Across the years I’ve had my gear serviced and repaired at a few places, including some in London and some mail-in places around the UK. Although my cameras were returned in good working order most of the time there are a few stand-out occasions where things were returned to me with fresh issues, even breakages that weren’t there when I’d handed them over! As a result of this I can no longer trust any of the London repair options at time of writing, and sincerely would not recommend them. One particularly stressful event saw me paying half the cost of what I’d paid for one of my Leica’s for a full service only to have it returned with dust in the viewfinder – after a number of mails back and forth I left some very strongly worded and entirely factual reviews on a few websites where I explained exactly what had happened and why paying three times more than their competitors would charge does not result in three times greater service.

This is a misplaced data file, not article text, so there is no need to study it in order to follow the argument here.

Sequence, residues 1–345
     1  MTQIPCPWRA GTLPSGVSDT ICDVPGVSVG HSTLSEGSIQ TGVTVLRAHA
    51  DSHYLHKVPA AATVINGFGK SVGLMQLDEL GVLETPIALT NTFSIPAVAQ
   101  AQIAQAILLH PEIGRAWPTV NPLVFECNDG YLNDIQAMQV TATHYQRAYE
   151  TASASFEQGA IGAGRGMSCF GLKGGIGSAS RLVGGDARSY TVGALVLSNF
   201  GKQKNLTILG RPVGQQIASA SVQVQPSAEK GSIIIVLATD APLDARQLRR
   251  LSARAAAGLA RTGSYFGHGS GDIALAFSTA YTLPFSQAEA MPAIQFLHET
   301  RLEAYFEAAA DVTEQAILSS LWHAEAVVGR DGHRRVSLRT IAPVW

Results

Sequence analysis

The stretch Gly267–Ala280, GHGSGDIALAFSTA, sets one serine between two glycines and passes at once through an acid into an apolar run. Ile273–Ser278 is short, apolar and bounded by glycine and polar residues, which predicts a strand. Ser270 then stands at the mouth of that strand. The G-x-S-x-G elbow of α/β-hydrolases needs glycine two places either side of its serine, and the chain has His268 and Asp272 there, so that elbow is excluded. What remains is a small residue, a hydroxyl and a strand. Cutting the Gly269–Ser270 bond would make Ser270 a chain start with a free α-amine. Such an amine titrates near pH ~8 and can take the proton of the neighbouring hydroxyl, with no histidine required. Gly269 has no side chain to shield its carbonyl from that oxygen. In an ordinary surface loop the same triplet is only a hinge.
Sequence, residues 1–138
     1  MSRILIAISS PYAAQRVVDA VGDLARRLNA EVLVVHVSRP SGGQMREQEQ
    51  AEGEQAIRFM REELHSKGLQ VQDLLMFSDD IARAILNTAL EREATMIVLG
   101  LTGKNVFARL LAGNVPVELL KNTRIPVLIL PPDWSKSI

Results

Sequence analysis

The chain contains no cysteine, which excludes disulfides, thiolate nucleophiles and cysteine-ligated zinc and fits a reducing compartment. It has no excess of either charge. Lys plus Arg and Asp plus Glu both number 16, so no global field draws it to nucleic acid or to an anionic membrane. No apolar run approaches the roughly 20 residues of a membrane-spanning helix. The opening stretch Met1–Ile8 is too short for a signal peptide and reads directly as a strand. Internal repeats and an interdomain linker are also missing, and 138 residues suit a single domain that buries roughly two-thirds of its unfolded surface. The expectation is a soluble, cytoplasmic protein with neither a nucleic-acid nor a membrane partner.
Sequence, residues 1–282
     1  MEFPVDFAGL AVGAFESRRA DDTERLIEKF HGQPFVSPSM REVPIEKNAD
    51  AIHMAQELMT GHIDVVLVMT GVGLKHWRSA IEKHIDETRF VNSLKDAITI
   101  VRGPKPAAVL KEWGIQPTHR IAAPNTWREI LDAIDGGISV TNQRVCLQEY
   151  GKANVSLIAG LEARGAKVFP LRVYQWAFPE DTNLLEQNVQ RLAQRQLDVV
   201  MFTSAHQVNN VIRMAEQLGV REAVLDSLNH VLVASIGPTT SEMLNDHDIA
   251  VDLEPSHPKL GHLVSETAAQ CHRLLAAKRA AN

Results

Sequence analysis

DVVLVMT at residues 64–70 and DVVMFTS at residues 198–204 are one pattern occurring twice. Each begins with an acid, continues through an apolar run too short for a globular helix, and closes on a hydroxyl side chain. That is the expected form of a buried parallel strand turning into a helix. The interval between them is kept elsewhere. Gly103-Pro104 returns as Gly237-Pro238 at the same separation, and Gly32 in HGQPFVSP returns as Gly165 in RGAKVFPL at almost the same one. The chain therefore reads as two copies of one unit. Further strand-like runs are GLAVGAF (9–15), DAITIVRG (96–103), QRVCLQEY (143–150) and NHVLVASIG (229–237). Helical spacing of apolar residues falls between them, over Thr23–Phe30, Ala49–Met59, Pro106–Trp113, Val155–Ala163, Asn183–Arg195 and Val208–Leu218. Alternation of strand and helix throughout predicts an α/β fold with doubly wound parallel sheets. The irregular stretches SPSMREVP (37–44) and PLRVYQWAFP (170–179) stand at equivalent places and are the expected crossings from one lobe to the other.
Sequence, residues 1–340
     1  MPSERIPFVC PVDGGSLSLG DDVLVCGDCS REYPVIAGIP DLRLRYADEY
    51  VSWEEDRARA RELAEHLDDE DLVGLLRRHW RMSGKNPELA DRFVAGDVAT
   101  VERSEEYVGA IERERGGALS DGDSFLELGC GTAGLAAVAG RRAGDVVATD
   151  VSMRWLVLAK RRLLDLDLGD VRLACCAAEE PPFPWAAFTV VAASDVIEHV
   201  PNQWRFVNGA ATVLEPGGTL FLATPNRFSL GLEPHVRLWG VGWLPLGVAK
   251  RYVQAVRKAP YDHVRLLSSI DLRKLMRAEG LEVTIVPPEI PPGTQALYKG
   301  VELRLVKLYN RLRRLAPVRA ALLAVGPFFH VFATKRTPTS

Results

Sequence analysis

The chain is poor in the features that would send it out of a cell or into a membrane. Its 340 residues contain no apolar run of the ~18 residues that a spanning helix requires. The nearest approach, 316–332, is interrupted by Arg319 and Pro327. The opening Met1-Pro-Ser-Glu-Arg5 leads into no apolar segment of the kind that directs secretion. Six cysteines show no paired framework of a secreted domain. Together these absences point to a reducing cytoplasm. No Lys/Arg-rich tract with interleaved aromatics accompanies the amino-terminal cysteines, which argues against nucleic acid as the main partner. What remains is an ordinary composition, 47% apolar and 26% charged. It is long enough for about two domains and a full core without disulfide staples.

Honestly I feel bad about this because I don’t like confrontation, and it felt a bit like blackmail when they reached out to me offering to set things right on the condition I take the reviews down; but if I had not done this then my other option was to accept the new issue and pay more to have it sorted elsewhere.
One time I sent a different camera away to a place up north, asking clearly only for a quote for what I believed to be an electrical issue with the shutter. Apparently this was not what was relayed to the technician, who completed the repair before a quote had been prepared, leaving me in a situation where I did not actually agree to that quote, but the repair had already taken place. The store ended up holding that camera hostage until I paid, which felt deeply unprofessional.
Another instance, this time back in London, I asked for a full service of my Leica M6, only to have it returned with the 90mm frame lines missing. I suppose the internal frame mask had been knocked out of place during the repair. The shop however refused to acknowledge their mistake, and I was forced to take it somewhere else to have the mistake rectified. The shop that sorted the frame lines actually showed it around to their staff, none of whom had ever seen an issue like it before! They were asking me what on earth happened, and to name the shop so they could discourage others from ever going there!